Memoirs: BBC 1Xtra Proms

Written by Olivia for

Until late September, the BBC Proms will be playing at the Royal Albert Hall. It's a showcase of the best classical music from around the world. But what happens when you mix a live orchestra with grime?

This time last year I was lucky enough to get press tickets to the BBC 1Xtra Prom. The world renowned Metropole Orkest orchestra took to the stage with a line-up unlike any other. Krept & Konan, Kano, Lethal Bizzle and new-kid-on-the-block Stormzy were amongst some of the performers on the night.

At the time I was working for BBC Radio 4's Front Row, a daily arts programme. Even during rehearsals throughout the day, it was clear how excited the MCs and artists on the bill were to be doing something so different to their usual scene. The Royal Albert Hall is one of the most renowned venues in the world, where the likes of Frank Sinatra, Jimi Hendrix, The Beatles and Led Zeppelin have all performed. I was excited and intrigued to see what a night of grime would bring.

It was amazing, and the energy throughout was infectious. The crowd ranged from 16-year-old South Londoners to 50-year-old Proms regulars, all coming together to appreciate a great performance. It's hard to imagine how the strings and keys of a classical orchestra could keep up with the high octane bass of grime - but somehow they managed it. The Metropole Orkest mastered sharp breaks and a cranked up PA system, whilst the legends of grime filled the stage with passion and charisma. It was something new for the Royal Albert Hall, bringing both different genres and people together.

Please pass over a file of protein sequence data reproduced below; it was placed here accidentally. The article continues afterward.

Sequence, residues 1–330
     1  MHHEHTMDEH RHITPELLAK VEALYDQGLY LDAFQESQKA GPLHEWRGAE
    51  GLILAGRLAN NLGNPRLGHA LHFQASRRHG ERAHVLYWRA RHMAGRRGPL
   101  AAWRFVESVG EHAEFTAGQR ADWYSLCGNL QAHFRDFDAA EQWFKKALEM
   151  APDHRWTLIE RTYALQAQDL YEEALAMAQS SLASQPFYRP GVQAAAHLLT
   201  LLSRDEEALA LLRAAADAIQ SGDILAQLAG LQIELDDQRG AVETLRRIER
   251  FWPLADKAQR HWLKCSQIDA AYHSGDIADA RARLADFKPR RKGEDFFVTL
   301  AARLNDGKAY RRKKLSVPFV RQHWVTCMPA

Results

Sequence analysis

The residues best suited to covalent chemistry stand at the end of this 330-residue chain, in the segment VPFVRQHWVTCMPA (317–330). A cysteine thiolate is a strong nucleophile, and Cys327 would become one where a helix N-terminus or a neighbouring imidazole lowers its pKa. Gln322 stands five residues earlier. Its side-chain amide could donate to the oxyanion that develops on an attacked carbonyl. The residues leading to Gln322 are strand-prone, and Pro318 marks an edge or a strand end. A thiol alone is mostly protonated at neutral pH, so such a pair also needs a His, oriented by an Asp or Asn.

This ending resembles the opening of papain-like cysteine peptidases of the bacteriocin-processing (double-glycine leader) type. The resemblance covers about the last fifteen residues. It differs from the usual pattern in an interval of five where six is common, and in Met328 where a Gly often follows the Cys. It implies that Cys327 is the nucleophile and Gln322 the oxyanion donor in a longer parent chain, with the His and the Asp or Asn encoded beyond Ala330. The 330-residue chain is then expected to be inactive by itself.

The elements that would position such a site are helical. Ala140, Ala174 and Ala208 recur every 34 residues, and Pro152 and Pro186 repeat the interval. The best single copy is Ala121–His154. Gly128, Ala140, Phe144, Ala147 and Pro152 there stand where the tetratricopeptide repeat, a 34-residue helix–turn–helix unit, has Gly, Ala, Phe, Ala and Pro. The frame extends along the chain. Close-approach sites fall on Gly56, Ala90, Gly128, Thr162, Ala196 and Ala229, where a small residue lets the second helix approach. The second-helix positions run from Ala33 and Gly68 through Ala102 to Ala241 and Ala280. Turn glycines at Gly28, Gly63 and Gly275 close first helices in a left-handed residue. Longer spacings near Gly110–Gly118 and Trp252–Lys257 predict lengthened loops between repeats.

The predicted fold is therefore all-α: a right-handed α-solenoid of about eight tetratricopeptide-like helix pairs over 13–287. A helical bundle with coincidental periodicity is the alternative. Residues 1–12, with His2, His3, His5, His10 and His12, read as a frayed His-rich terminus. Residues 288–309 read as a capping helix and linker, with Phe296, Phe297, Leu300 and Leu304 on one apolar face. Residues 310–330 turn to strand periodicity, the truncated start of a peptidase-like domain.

There's something about live music that feels more exciting and more inclusive than a CD ever could. One of the aims of the BBC Proms is to introduce new audiences to orchestral music; and what better way to do that than break down the traditional barriers that separate classical from jazz, or pop from rock music. At the BBC 1Xtra Prom, grime got its chance to show it's much more than just fast-paced rhythms and edgy lyrics. It’s clear grime has safely solidified itself as the sound of today’s youth culture.

Wretch 32, who headlined the event, and was as charming as his music, told us: "It's not every day you get to do something like this, and we wanted to showcase our skills and show that we can take our music to the next dynamic as well."

Whether you’re a music maker or simply music lover, it's important to stretch yourself and step out of your comfort zone every now and again. Grime might not be classical music, but it’s full of classics for generation 94five.